Millimeter sized SiC (m-SiCp) and nanometer sized SiC (n-SiCp) particulates reinforced Al-6Ti-6Nb matrix composites were prepared by mechanical alloying (MA) and later hot-press sintering.Their microstructure was investigated to know the influence of the incorporated SiC particles.The secondary Al3Ti, AlNb2 intermetallics particle size, the Al matrix grain size and their submicrostructure are strongly affected, and they are correlated with the thermal stability of the composites.

  5. Material parameter identification on metal matrix composites

    CSIR Research Space (South Africa)

    Jansen van Rensburg, GJ

    2012-07-01

    Full Text Available Tests were done on the compressive behaviour of different metal matrix composite materials. These extremely hard engineering materials consist of ceramic particles embedded in a metal alloy binder. Due to the high stiffness and brittle nature...

  6. Long - range foundry Al composite alloys

    Directory of Open Access Journals (Sweden)

    A. D. Mekhtiev

    2014-10-01

    Full Text Available The technology of obtaining nanostructural composite aluminum alloys consists in the plasma injection of refractory nanometric particles with simultaneous two-plane magnetic dynamic mixing of the melt. Particularly important in obtaining composite aluminum matrix alloys is the provision of the introduced particles wettability with the matrix melt for forming stable adhesive bonds. Nanostructured powder components can be considered not only to be a starting product for producing nanostructural composite aluminum alloys but as an independent commerce product. Nanostructural composite metal matrix alloys make one of the most prospective structural materials of the future, and liquid-phase technologies of their obtaining are the most competitive in producing products of nanostructural composite aluminum alloys in the industrial scale.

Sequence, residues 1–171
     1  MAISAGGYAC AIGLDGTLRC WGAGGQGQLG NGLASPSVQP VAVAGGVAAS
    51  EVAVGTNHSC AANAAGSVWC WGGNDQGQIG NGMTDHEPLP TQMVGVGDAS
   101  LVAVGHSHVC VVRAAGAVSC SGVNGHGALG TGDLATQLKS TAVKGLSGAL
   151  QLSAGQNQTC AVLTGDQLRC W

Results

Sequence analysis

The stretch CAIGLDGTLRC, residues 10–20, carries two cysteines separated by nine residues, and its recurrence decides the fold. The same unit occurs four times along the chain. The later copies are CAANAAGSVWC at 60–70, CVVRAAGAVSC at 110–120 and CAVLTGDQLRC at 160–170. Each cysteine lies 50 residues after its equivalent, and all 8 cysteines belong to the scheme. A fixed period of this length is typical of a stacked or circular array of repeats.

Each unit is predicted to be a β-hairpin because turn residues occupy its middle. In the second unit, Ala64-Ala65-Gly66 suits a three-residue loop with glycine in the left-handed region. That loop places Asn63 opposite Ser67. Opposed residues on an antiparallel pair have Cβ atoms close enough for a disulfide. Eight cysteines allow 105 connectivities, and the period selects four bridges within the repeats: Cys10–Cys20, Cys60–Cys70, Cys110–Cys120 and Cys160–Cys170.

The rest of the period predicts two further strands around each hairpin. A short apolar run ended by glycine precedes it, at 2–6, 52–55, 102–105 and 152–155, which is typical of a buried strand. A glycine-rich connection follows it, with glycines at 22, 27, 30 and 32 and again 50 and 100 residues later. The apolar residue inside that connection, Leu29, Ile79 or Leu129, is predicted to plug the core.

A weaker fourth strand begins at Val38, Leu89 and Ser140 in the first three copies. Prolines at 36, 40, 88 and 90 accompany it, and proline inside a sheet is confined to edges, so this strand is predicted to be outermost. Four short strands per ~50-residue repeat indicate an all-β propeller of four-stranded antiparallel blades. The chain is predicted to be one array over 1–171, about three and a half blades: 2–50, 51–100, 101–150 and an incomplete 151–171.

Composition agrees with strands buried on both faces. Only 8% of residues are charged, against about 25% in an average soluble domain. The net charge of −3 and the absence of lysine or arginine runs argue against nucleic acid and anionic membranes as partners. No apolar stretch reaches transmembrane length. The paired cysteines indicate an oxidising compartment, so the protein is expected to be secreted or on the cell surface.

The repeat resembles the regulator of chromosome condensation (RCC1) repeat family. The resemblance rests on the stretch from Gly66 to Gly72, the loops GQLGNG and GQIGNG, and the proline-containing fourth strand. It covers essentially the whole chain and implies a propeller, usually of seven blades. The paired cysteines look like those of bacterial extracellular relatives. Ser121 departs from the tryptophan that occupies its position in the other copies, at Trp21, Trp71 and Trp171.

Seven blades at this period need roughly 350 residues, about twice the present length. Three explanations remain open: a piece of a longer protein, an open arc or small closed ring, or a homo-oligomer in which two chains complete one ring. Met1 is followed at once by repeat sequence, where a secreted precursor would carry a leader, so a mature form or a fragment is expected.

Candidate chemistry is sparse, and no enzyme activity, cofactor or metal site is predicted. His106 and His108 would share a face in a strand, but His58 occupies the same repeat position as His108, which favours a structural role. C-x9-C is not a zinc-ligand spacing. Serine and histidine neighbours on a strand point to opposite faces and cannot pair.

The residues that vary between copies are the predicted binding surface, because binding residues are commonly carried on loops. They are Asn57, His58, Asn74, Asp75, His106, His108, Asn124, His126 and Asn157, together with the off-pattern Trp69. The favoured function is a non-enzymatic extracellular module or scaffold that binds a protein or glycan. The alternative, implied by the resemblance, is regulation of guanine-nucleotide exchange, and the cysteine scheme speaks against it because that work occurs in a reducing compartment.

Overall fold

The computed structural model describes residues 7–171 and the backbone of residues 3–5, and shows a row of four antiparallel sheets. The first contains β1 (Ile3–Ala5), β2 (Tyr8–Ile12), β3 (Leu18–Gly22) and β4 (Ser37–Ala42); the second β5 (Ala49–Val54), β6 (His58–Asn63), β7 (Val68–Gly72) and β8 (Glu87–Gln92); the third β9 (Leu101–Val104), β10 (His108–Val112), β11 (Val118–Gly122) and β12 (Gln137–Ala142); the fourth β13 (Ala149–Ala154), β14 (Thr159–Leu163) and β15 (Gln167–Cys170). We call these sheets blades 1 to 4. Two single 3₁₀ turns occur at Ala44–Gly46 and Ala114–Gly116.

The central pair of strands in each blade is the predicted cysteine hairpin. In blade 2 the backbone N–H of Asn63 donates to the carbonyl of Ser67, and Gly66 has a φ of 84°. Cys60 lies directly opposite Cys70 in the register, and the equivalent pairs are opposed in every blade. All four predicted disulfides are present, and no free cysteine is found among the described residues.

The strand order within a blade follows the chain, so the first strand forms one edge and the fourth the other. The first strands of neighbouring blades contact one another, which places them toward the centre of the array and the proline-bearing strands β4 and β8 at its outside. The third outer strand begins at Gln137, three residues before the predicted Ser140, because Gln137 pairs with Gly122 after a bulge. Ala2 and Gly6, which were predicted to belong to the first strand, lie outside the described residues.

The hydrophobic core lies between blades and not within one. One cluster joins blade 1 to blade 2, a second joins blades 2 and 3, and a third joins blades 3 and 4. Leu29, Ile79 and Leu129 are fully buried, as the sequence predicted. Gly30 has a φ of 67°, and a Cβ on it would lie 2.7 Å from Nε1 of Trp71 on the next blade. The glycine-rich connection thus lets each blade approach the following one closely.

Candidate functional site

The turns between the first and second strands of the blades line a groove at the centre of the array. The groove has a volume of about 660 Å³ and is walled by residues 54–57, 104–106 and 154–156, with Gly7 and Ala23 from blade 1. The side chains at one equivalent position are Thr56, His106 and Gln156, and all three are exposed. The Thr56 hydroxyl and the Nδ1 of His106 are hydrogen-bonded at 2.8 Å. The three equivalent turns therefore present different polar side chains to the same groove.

7. Influence of the Sr and Mg Alloying Additions on the Bonding Between Matrix and Reinforcing Particles in the AlSi7Mg/SiC-Cg Hybrid Composite

    Directory of Open Access Journals (Sweden)

    Dolata A. J.

    2016-06-01

    Full Text Available The aim of the work was to perform adequate selection of the phase composition of the composite designated for permanent - mould casting air compressor pistons. The hybrid composites based on AlSi7Mg matrix alloy reinforced with mixture of silicon carbide (SiC and glassy carbon (Cg particles were fabricated by the stir casting method. It has been shown that the proper selection of chemical composition of matrix alloy and its modification by used magnesium and strontium additions gives possibility to obtain both the advantageous casting properties of composite suspensions as well as good bonding between particles reinforcements and matrix.

  8. The corrosion behaviour of the aluminum alloy 7075/SiCp metal matrix composite prepared by spray deposition

    Energy Technology Data Exchange (ETDEWEB)

    Cheng, Y.L.; Chen, Z.H.; Wu, H.L.; Wang, H.M. [College of Materials Science and Engineering, Hunan University, Changsha (China)

    2007-04-15